Paris redraws map as four arrondissements unite under new name

The central four arrondissements of the French capital have been given a new name as part of the mayor's plan to see the 1st, 2nd, 3rd, and 4th arrondissements become one. Find out the new name.

Paris redraws map as four arrondissements unite under new name
Photo: Google Maps
Paris Mayor Anne Hidalgo's plan is motivated by her desire to make the arrondissements more equal in terms the size of the population they serve or in her words allow a “better democratic representation”.
“There are 15 times more inhabitants in the 15th arrondissment than the first,” said Hidalgo's deputy Bruno Julliard when the change was first announced in 2016.
Paris arrondissements. Photo: Mairie de Paris 
The new name of the four arrondissements which make up the centre of the city was voted for by those living in them, with a total of 8,561 people taking part. 
The residents were given the option of Premiers arrondissements de Paris (First arrondissements of Paris), Cœur de Paris (Heart of Paris) and Paris 1 2 3 4, as well as the winning name… Paris Centre. 
The town hall of the French capital's third arrondissement will represent the newly united district. Photo: AFP
Residents also voted on which town hall should represent the newly united district, with the 3rd arrondissement's town hall (see above) winning with 50.49 percent of the vote against the 4th arrondissement's current mairie, according to Hidalgo who announced the result's of the vote on Tuesday. 
The new administrative map will allow “the unification of political representation and the administrative organization of the least populated arrondissements”, the Town Hall has previously argued, adding that just one mayor would be responsible for the merged areas.
Even if the first four arrondissements are grouped together for administrative reasons, the city's postcodes will not change. In other words Paris will continue to have 20 arrondissements.
However it will only have 17 mayors.
Of the 66,800 people registered to vote in the four arrondissements, 20 percent turned out to vote. 
Hidalgo's plan originally faced stiff opposition from the right, who believe the plan to merge four arrondissements is simply politically motivated to ensure the Socialists hold on to power.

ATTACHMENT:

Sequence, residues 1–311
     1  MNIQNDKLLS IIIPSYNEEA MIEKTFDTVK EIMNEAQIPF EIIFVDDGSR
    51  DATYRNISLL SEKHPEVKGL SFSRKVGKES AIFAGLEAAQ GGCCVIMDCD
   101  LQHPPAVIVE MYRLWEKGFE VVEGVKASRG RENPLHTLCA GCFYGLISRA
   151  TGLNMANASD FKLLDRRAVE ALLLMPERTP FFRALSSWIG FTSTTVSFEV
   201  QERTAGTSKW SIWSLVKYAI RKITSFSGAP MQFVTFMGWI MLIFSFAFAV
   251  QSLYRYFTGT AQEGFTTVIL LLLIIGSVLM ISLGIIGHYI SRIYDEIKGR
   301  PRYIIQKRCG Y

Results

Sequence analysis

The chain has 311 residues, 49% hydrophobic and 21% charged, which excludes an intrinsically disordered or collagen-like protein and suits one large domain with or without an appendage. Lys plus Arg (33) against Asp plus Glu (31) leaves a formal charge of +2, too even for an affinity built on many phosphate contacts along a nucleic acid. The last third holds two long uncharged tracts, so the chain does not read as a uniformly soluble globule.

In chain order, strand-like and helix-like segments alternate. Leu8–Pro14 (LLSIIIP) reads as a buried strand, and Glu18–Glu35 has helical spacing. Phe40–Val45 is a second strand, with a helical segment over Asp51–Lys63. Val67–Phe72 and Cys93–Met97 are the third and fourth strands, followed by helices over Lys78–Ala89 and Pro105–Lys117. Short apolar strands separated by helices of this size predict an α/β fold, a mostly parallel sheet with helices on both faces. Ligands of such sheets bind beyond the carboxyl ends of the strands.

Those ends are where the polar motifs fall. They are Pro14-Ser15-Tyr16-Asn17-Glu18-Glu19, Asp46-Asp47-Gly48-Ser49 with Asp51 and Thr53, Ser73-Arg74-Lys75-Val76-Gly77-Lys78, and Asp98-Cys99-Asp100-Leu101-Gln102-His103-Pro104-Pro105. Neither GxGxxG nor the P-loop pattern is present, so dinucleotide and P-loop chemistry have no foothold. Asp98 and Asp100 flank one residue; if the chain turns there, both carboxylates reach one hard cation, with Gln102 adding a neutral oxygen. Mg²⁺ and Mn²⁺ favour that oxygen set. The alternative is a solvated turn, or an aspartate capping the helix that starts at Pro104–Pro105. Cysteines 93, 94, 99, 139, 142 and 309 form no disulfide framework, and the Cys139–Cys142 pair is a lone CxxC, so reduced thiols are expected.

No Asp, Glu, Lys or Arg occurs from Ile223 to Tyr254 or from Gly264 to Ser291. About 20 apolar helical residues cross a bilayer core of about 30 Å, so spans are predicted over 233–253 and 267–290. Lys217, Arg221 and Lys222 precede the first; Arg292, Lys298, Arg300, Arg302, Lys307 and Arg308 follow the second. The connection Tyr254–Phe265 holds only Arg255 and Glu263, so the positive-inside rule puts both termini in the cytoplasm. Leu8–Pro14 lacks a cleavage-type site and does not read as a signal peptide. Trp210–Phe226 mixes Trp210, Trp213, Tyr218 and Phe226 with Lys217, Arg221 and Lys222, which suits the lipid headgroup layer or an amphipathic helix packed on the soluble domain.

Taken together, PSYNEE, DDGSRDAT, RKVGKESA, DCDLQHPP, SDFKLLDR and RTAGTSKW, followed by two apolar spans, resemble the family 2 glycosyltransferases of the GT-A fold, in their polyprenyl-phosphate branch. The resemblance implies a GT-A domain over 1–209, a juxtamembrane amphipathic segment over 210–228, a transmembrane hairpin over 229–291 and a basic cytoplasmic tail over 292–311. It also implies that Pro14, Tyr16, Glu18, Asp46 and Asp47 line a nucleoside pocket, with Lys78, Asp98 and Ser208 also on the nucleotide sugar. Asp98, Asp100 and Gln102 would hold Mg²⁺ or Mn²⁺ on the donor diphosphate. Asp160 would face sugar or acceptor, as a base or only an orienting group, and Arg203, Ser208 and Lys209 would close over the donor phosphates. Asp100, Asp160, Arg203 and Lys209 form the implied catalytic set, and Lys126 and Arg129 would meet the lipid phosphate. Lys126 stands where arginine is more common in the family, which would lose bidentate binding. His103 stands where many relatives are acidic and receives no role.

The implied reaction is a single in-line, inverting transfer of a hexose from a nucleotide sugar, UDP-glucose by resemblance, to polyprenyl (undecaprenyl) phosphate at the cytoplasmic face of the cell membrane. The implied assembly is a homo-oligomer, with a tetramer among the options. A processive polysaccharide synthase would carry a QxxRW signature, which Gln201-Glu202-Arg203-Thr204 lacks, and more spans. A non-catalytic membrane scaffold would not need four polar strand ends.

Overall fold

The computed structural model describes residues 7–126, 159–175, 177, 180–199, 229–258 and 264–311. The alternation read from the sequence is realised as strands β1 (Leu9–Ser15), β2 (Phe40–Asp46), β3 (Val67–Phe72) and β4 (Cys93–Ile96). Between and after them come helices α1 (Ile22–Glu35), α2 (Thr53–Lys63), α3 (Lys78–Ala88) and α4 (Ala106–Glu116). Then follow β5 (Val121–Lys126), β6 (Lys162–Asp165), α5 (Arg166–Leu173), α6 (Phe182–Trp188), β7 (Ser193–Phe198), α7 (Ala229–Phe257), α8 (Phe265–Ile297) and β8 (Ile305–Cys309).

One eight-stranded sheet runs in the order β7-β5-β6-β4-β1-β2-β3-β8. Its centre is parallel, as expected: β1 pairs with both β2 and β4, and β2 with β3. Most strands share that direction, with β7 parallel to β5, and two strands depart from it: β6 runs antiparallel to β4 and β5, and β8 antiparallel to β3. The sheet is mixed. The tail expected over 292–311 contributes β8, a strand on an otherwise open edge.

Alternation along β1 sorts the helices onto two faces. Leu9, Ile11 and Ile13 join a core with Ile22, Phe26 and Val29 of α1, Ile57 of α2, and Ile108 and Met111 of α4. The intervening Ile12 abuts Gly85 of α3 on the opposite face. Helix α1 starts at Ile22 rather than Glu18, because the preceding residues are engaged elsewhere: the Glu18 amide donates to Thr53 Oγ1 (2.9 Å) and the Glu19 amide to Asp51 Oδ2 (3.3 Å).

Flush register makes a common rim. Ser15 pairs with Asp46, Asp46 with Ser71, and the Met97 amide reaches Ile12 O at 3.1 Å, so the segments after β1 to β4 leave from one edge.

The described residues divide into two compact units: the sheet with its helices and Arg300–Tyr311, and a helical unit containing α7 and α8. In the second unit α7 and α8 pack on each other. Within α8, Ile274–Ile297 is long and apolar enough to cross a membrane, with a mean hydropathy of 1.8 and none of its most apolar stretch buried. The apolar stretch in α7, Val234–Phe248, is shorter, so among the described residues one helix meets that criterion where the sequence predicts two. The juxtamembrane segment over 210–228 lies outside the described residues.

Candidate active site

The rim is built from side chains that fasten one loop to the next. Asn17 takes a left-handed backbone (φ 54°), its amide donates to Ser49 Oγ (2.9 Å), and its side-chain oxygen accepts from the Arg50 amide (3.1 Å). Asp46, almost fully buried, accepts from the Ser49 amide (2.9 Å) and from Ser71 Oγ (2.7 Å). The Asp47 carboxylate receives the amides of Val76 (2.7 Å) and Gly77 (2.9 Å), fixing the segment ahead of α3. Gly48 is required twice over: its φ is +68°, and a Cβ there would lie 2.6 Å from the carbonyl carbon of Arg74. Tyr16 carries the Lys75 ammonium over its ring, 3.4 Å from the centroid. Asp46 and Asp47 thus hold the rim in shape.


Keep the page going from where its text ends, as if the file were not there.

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Revealed: The fastest way to get across Paris

Car, moped, public transport, or electric bicycle - which means of transport is the quickest way to get across Paris?

Revealed: The fastest way to get across Paris

One intrepid reporter for French daily Le Parisien decided to find out. 

The challenge was simple. Which mode of transport would get the journalist from the heart of Fontenay-sous-Bois in the eastern suburbs to the newspaper’s office on Boulevard de Grenelle, west Paris, fastest?

Over four separate journeys, each one in the middle of rush hour, the electric bicycle was quickest and easiest. More expensive than conventional bikes, electric bikes do come with a government subsidy.

The journey was described as ‘pleasant and touristy’ on a dry but chilly morning going via dedicated cycle lanes that meant the dogged journalist avoided having to weave in and out of traffic.

It took, in total, 47 minutes from start to finish at an average speed of 19km/h, on a trip described as “comfortable” but with a caveat for bad weather. The cost was a few centimes for charging up the bike.

In comparison, a car journey between the same points took 1 hour 27 minutes – a journey not helped by a broken-down vehicle. Even accounting for that, according to the reporter’s traffic app, the journey should – going via part of the capital’s southern ringroad – have taken about 1 hr 12.

Average speed in the car was 15km/h, and it cost about €2.85 in diesel – plus parking.

A “chaotic and stressful” moped trip took 1 hour 3 minutes, and cost €1.30 in unleaded petrol.

Public transport – the RER and Metro combined via RER A to Charles-de-Gaulle-Étoile then Metro line 6 to the station Bir-Hakeim – took 50 minutes door to door, including a 10-minute walk and cost €2.80. The journey was described as “tiring”.

READ ALSO 6 ways to get around Paris without the Metro